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Drink Up!

Tuesday, November 22 2011 2:14 AM

Dehydration is a dangerous condition at any age. Chronic dehydration can cause fever, gastritis, heartburn, arthritis, headaches, depression, weight problems, premature aging and organ failure, among other issues.

The best way to avoid dehydration is to make sure you get enough fluid in your diet. As we age, we need to pay even closer attention to our hydration level for a number of reasons, including: 

  • The percentage of body weight made up by water decreases as we age. For example, a 70-year-old man’s weight may be 50 percent water, compared to 60 percent when he was younger.
  • The efficiency of our kidneys can decline as we age.
  • The sensation of thirst declines with age, so you might be less likely to realize you are thirsty than when you were younger.
  • Declines in physical condition and the ability to perform routine daily activities, such as buying and/or preparing food and beverages, can have a negative impact on food and fluid intake.
  • Confusion and poor memory can impact eating and drinking habits.

Keep in mind that your environment has an impact on hydration. If you are in a humid climate, you will lose more fluid as you perspire. Medications and illnesses may also have an impact on your fluid level. You will probably never talk to a doctor or pharmacist who tells you to drink less water when fighting an illness or taking a certain medication. Generally speaking, it is almost always better to drink too much than too little.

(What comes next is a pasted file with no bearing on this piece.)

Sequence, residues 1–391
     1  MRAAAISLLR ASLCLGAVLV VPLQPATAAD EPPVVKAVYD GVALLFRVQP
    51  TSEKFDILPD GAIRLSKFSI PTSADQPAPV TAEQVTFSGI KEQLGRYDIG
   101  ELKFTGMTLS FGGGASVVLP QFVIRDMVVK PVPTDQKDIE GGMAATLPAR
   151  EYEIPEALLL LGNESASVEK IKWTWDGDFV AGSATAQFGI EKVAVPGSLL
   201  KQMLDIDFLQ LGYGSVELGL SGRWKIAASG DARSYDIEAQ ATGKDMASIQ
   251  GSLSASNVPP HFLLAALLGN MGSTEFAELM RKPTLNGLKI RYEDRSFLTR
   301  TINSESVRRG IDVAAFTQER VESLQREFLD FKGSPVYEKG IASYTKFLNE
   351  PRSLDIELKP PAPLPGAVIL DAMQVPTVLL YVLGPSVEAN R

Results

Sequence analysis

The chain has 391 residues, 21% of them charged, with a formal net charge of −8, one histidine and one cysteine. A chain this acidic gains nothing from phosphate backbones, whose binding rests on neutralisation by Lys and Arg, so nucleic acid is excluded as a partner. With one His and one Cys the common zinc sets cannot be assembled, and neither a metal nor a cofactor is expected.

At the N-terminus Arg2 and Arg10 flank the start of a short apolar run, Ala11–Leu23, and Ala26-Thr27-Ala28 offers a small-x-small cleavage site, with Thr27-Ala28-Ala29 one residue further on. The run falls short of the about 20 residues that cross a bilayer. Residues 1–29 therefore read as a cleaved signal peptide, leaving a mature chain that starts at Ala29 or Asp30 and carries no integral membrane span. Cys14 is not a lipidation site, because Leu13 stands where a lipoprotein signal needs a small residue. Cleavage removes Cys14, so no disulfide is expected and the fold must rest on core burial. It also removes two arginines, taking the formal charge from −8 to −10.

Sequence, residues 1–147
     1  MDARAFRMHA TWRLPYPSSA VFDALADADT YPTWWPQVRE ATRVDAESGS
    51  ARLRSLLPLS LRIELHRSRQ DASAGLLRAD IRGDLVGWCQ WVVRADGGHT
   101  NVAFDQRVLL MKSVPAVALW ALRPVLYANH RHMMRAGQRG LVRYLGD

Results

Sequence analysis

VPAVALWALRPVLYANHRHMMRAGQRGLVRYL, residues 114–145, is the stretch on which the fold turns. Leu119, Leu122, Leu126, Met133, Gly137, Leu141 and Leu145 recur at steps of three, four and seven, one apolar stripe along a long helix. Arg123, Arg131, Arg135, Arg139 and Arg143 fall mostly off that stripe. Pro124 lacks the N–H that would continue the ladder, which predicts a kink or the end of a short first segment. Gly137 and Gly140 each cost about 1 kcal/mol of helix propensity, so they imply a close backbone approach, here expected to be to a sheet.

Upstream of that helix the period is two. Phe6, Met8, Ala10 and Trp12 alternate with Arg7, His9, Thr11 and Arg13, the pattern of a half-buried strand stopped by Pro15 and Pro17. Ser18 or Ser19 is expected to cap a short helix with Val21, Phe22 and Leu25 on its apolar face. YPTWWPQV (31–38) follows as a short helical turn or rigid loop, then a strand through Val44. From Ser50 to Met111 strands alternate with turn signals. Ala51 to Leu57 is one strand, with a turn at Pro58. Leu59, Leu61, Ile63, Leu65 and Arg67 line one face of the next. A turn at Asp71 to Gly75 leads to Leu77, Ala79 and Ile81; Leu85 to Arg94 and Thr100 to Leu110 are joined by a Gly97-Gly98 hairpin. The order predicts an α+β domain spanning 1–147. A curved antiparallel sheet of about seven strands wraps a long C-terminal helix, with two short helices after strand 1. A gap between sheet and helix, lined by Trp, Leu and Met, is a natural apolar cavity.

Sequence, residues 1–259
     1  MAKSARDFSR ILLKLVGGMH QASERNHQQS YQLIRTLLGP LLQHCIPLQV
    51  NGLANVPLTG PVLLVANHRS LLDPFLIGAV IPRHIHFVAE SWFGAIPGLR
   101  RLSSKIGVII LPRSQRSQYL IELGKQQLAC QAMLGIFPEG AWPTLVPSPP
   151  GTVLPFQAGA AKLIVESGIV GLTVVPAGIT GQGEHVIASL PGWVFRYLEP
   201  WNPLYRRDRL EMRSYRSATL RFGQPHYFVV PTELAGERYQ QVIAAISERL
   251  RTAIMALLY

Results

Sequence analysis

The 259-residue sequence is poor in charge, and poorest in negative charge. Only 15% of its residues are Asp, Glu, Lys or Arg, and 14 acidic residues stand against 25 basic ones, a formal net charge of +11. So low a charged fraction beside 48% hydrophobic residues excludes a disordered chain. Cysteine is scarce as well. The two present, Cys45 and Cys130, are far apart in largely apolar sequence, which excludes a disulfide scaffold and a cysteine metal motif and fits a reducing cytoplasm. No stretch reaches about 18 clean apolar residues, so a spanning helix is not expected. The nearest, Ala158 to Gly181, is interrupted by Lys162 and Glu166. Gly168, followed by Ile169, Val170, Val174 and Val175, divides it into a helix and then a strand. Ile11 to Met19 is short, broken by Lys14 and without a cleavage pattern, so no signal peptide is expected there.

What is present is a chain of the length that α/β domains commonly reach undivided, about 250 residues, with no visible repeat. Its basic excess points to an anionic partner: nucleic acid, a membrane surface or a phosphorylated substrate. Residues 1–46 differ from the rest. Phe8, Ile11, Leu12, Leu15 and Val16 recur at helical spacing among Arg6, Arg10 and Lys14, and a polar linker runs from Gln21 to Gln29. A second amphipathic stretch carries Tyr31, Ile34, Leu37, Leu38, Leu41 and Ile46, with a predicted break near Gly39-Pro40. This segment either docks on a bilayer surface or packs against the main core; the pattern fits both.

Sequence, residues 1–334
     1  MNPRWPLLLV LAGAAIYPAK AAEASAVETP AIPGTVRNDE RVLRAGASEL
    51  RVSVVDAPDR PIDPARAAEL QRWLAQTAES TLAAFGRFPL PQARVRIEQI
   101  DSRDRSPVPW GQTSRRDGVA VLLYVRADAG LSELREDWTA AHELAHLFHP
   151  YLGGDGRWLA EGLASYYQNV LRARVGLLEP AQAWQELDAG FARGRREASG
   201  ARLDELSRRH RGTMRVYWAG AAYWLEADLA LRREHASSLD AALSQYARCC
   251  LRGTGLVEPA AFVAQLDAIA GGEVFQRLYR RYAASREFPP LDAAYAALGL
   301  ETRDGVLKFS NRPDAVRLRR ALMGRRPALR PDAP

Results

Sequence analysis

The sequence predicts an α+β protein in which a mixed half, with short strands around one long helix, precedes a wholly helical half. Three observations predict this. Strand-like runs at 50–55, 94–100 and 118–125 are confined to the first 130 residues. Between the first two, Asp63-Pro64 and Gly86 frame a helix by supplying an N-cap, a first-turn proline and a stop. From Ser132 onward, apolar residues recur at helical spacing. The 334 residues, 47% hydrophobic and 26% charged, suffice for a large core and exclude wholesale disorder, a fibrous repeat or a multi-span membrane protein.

Understanding where fluid is found in your diet is important. You can increase your hydration level by eating foods that contain a high percentage of fluid, such as soups, fruits and vegetables, gelatins, sherbet and ice cream. Did you need an excuse to eat more ice cream?

Other steps that can help to prevent dehydration include:

  • Drink fluids not only during, but between meals.
  • Encourage your family and friends to drink more fluids, and ask them to hold you accountable to do the same.
  • Keep fluids nearby especially in hot, humid weather.
  • Watch for early signs of dehydration, such as concentrated urine and dry mouth.

The amount of fluid you need every day depends on your height, weight, age and medical history. For more information about your specific fluid needs, talk to a registered dietitian or your healthcare provider.

By Paula Bohlen, MS, RD, LDN, LNHA
Dietary Consultant
Source: www.good-sam.com

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